Nature's Place

Li’l Bee

This fellow is about 4mm long and in the first few pix is collecting resin from a hole in a pine tree. I suspect it is for building material for the nest. There were more than one at the hole but as is often the case only one was at the right angle in the right place for long enough for a shot or two.

These are Australia’s native honey bee, known as sugarbag, and their honey is a luxury given their numbers and size – they don’t make it like the European honey bee that is twenty times its size and more active.

They don’t have a sting either so they are harmless by comparison, and they are too small for me to track back to the hive. That’s their advantage, too small to be threatened.

*

Science often tells us how nature is robotic, that the creatures and plant life are no more than the sum of their parts plus function on auto. And it’s true, except for the ‘no more’ bit.

The ‘more’ they are is the same ‘more’ you and I are. It’s the inscrutable intelligence behind the structure of everything.

The unknown, the mystery before knowing is, before you and me.

The mystery, the no-thing, the pre-existent wordlessness before it all begins, and ends. As it is now.

The wonder, the beauty, the colour and light.

The deep, the black, the abyss – inside.

Home.

© Mark Berkery ……. Click any picture and click again to enlarge

7 Responses

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  1. Ranger Bug said, on 25/10/2010 at 2:12 am

    Mark,
    I just wanted to let you know how much your photos move me. To tears, even. I am a park ranger in the US, and I spend a lot of time talking to visitors about the magic of insects and small creatures….most people think I am crazy, but I keep at it! I feel I am on a crusade of sorts, to convince people to search out beauty in the places we are told it cannot exist. It is easy to love a flower or a large mammal…they are things we understand. It takes some effort to look past the fear and alien nature of many-legged creatures, and appreciate the absolute magnificence of form and function. I am not a religious person, but sometimes the insects make me wish I were….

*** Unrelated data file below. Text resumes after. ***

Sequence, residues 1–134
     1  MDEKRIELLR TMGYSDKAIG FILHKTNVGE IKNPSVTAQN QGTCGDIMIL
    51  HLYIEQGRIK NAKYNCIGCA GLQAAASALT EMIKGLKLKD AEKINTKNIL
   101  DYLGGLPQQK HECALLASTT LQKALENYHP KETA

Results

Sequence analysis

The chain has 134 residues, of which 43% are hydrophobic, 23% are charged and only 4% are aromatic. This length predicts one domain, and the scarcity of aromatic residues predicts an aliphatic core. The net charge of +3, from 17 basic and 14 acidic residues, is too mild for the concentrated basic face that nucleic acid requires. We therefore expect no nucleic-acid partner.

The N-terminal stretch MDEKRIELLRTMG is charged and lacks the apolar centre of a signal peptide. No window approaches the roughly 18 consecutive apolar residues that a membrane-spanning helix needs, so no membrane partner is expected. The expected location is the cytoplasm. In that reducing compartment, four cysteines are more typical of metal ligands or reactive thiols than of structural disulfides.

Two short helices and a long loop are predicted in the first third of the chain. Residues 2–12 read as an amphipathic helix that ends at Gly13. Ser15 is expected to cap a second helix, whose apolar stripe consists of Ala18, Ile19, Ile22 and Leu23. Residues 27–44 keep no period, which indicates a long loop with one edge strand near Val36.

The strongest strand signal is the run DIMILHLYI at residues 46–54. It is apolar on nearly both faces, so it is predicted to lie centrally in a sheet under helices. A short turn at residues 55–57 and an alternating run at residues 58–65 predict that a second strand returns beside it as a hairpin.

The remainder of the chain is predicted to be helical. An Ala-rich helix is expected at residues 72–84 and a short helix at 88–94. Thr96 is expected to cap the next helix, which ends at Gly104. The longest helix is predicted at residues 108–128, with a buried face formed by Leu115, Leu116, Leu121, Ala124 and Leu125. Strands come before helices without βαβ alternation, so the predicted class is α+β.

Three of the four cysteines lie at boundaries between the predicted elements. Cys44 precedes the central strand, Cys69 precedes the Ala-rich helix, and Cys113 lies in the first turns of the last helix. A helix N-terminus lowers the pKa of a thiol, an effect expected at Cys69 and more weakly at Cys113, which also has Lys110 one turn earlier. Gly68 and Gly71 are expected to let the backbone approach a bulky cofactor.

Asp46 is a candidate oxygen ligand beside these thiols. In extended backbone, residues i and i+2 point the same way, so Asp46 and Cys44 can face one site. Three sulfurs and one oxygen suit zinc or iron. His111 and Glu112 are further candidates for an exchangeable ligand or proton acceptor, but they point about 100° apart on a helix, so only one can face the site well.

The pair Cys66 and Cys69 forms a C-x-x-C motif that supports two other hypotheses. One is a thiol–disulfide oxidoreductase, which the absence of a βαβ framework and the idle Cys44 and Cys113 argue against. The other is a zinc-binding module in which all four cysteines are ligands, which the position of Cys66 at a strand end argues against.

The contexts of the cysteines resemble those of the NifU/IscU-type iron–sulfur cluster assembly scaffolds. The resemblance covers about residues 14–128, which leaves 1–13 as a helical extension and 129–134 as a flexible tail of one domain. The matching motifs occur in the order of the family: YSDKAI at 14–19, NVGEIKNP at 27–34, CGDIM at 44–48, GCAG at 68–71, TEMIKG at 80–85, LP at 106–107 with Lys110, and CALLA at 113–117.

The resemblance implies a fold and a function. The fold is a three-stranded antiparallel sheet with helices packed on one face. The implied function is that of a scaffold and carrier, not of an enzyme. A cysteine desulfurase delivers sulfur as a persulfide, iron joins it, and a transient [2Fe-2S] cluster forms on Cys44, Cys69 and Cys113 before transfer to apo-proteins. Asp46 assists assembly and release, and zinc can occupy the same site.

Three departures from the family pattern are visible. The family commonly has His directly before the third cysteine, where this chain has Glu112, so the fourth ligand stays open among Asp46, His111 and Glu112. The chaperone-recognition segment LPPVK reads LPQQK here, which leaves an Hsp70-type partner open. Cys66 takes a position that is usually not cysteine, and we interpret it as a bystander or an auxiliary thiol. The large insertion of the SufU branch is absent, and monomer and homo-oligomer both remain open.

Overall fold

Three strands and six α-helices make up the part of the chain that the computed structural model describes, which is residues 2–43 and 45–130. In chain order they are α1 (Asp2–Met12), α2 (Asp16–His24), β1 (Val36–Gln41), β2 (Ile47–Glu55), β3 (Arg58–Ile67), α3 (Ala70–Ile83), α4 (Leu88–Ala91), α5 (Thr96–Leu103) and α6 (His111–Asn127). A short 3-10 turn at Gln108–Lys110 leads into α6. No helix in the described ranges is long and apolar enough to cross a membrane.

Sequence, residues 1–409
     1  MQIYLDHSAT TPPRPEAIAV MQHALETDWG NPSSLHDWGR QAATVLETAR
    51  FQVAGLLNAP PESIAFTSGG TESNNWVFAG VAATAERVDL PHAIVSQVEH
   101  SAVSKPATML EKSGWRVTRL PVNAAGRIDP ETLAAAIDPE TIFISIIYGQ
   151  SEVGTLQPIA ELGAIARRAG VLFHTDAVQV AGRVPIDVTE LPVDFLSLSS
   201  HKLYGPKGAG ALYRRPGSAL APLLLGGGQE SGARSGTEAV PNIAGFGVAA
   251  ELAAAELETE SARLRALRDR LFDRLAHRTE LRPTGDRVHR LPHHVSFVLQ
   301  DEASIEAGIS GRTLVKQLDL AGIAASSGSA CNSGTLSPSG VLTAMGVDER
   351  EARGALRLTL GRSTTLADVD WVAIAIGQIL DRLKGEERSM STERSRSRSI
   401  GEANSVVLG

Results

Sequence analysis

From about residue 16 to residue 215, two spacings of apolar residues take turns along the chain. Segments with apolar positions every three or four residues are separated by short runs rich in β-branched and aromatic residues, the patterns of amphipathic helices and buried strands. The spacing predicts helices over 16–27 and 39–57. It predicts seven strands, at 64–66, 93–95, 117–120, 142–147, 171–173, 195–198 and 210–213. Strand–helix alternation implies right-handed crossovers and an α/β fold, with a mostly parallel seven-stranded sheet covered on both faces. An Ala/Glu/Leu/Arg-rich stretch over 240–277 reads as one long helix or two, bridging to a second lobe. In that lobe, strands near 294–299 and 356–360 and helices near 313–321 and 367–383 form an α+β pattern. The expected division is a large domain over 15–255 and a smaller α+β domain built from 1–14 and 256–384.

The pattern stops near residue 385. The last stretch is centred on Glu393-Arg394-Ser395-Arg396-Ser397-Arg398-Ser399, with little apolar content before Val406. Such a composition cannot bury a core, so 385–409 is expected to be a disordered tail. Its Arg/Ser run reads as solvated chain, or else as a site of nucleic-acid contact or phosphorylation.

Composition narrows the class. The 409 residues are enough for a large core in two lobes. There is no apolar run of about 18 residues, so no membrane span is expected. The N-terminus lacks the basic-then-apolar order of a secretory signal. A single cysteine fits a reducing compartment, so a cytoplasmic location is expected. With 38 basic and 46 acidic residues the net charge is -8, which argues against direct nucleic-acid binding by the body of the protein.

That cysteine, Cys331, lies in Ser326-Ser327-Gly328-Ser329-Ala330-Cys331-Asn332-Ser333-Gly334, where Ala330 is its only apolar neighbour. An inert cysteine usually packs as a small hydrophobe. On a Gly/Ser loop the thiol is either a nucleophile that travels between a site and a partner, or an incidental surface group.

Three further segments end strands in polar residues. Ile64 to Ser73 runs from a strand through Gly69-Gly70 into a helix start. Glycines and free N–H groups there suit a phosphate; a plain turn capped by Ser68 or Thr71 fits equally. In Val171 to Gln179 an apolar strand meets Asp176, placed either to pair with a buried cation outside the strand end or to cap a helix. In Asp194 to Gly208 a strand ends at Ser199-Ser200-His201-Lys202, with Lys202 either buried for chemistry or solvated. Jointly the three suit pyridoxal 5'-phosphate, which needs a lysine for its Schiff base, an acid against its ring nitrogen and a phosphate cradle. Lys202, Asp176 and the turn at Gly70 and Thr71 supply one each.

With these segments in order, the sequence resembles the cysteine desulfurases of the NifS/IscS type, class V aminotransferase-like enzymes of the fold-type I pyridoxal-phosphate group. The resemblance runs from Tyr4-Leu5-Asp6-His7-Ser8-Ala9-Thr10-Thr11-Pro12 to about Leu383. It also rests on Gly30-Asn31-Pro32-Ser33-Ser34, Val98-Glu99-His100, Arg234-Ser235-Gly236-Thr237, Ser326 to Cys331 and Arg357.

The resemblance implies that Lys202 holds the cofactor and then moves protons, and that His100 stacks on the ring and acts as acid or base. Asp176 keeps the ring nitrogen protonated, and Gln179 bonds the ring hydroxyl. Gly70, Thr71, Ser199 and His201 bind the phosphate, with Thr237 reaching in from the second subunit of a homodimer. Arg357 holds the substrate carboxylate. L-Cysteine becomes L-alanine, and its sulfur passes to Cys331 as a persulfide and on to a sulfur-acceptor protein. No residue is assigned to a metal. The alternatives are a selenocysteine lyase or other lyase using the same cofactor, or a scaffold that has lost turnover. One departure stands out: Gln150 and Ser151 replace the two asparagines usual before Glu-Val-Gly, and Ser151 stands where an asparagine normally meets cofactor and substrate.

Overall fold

These are more than just photographs. Thank you for sharing your soul here.

    • Mark said, on 25/10/2010 at 9:25 am

      Thanks for getting in touch Ranger. People don’t change easily – it will take their disappearance before ‘people’ appreciate what they’ve got, but don’t let it stop you. Enjoy it for you.

      Not religious? You mean not a believer. Real religion starts in seeing the wonder and beauty in the apparently insignificant, a cognition of the supernormal – since most don’t see it but it is available to them. Keep going! And take it easy. ((:

  2. Mark said, on 22/10/2010 at 11:29 pm

    Thanks guys.

  3. allaroundart said, on 22/10/2010 at 10:05 pm

    You have such amazing pictures! Good work!

  4. anthonytancredi said, on 20/09/2010 at 9:08 pm

    A beautiful little bee there Mark and fantastic captures. Quite amazing anatomy shown in the third frame.

  5. Joan said, on 17/09/2010 at 7:34 pm

    Interesting to see the difference in colouration Mark. In the first picture there is something orange on the one foot? Maybe a mite?

    Without insects, we would not survive!!

    Have a good weekend. I am off to the bush for 2 weeks and hope to get some good shots. Found a very interesting spider (unknown) today and something which looks like a caterpiller but I do not think it is. It is so small, I could hardly see it, about 3mm in length.

    • Mark said, on 19/09/2010 at 3:04 pm

      Hi Joan. It could be a mite, I have seen lice on many creatures around this place. It is absurd the way insects have been demonised, but not surprising given the short-sightedness of vested self interest and man’s emotional condition.


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